While the paleo diet may take you back to eating like a caveman, it’s not looking like one that people find appealing! Just some of the benefits dieters are promised include more stable blood sugar levels, increased ability to burn off fat, improved energy, and better looking skin.
Another reason for its popularity is how simple it is to follow – the diet is based on whole foods including meat, fish, eggs, most fruits and vegetables, healthy fats, nuts, seeds, herbs and spices. That means that any no-go foods like dairy, pasta, grains and beanswill usually come pre-packaged, making it easy to avoid those aisles in the grocery store.
Paleo is also popular among gym bunnies, as increased energy levels from the diet can help improve performance during workouts. Omitting refined carbohydrates, grains and pulses also helps to reduce bloating, creating an enviably flat stomach.
Similar to the paleo diet, eating clean is all about the whole foods. More of a lifestyle than a diet, those who eat clean avoid refined and overly processed foods, instead creating meals from scratch using good, healthy ingredients like fruits, vegetables, unrefined grains, and meat and fish.
Eating clean is also suited to those with allergies, as it is dairy and gluten free. And as most meals will have to be cooked from scratch, this gives people complete control over what they eat - as long as they are using nutritious ingredients.
Numbers of vegetarians have risen dramatically recently, with 5% of the total US population now following a meat-free diet – that’s 16 million people! A further half of these are estimated to be vegan, so not consuming animal products at all.
So why are people choosing to cut meat from their diets? Mostly, because they that believe that animals simply shouldn’t be killed for food. Popular documentaries like Earthlings and Cowspiracy have highlighted the cruelty of the meat and dairy industry, as well as the environmental impact, resonating with people all over the world.
Of course, there are health benefits too. While people used to think that cutting out meat would lead to lack of energy and anemia, it has been proven that eating the right foods will provide you with just as many vitamins and minerals as a diet including meat. Simply eating more vegetables and less fatty meat can help you to lose weight, too.
Finally, it is a lot more convenient to be a vegetarian than it used to be. Chances are most restaurants you visit will have a veggie sandwich or burger option, at the least – and if you’re lucky enough to live somewhere like LA or NY, you will be blessed with tons of totally meat-free joints. Supermarkets like Whole Foods also offer a huge range of products.
There is no doubt that fad diets are also popularized by endorsements from our favorite celebrities. Read on to the next chapter to find out some of the craziest diets celebrities follow to look their best in the spotlight.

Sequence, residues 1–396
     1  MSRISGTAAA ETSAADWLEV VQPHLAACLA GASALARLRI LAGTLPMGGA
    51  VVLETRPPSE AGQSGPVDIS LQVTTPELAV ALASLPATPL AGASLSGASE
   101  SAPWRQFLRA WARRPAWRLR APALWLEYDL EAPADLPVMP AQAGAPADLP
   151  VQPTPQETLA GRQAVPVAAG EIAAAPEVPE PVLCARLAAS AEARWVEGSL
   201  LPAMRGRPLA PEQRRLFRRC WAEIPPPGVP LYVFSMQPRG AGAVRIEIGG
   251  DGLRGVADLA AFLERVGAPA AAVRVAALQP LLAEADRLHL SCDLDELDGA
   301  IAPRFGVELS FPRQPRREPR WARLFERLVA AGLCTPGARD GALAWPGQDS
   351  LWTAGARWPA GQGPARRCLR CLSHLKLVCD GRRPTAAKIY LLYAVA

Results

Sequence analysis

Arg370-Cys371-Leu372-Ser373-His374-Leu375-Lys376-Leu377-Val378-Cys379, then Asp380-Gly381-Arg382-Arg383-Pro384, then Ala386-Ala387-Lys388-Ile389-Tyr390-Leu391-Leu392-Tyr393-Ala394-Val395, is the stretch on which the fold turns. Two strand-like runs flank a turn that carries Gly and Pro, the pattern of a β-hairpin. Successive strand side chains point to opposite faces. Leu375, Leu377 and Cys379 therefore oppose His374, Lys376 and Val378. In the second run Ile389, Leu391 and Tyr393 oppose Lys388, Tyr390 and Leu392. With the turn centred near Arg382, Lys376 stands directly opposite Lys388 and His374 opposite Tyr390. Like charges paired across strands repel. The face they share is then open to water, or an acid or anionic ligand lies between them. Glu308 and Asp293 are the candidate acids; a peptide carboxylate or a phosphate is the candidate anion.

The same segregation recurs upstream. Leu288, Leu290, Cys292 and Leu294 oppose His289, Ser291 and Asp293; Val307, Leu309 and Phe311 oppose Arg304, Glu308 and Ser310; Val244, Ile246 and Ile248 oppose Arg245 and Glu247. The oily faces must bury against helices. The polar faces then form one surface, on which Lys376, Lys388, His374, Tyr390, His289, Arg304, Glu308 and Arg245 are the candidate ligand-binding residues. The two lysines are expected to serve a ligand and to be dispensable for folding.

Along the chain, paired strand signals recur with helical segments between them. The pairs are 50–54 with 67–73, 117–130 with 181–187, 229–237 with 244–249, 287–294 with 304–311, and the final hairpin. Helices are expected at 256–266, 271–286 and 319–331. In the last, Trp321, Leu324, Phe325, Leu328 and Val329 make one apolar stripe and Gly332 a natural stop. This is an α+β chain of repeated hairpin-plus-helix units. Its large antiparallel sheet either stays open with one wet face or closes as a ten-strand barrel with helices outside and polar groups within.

Celebrity fad diets
Some of the most high profile fad diets have gained their reputation from celebrities.
With such high levels of public scrutiny, celebrities are under serious pressure to stay in shape. And whether it’s shedding weight for a film role, or losing those post-baby pounds, it’s hard to think of one who hasn’t put their weight loss secrets down to the latest faddy diet.
Here are just some of the famous faceswho have helped to popularize the fad diets they have endured.
Beyoncé - The Master Cleanse
Beyoncé went on the now infamous lemonade diet (maybe that’s the reason behind her new song?) in 2006, while slimming down for her acting role in Dreamgirls. And it worked – she lost a huge 20 pounds in just two weeks, with gossip magazines going crazy over the effects of the cleanse.
Once the movie had been completed, the self-confessed food lover admitted she ate “waffles, fried chicken, cheeseburgers, french-fries, everything I could find. That was the best time of my life. I’ve gained 12 pounds”.
More recently Beyoncé appears to have achieved a healthier balance in her eating habits, experimenting with veganism, and even endorsing a plant-based living diet 22 Days Nutrition.
Kate Middleton - The Dukan Diet
In preparation for her Royal wedding to Prince William in 2011, Kate Middleton strictly followed the Dukan Diet. Besides - you have to look your best when your wedding is being watched around the world!
However the diet’s creator believed the Duchess of Cambridge took the diet too far in preparation for the event, saying "I think she lost too much", and that "at the beginning she had good cheeks. Now, she has no cheeks".
Now a mother of two, Kate maintains a healthy weight by eating a diet filled with fruits and vegetables, working out daily, and participating in sports like running and swimming.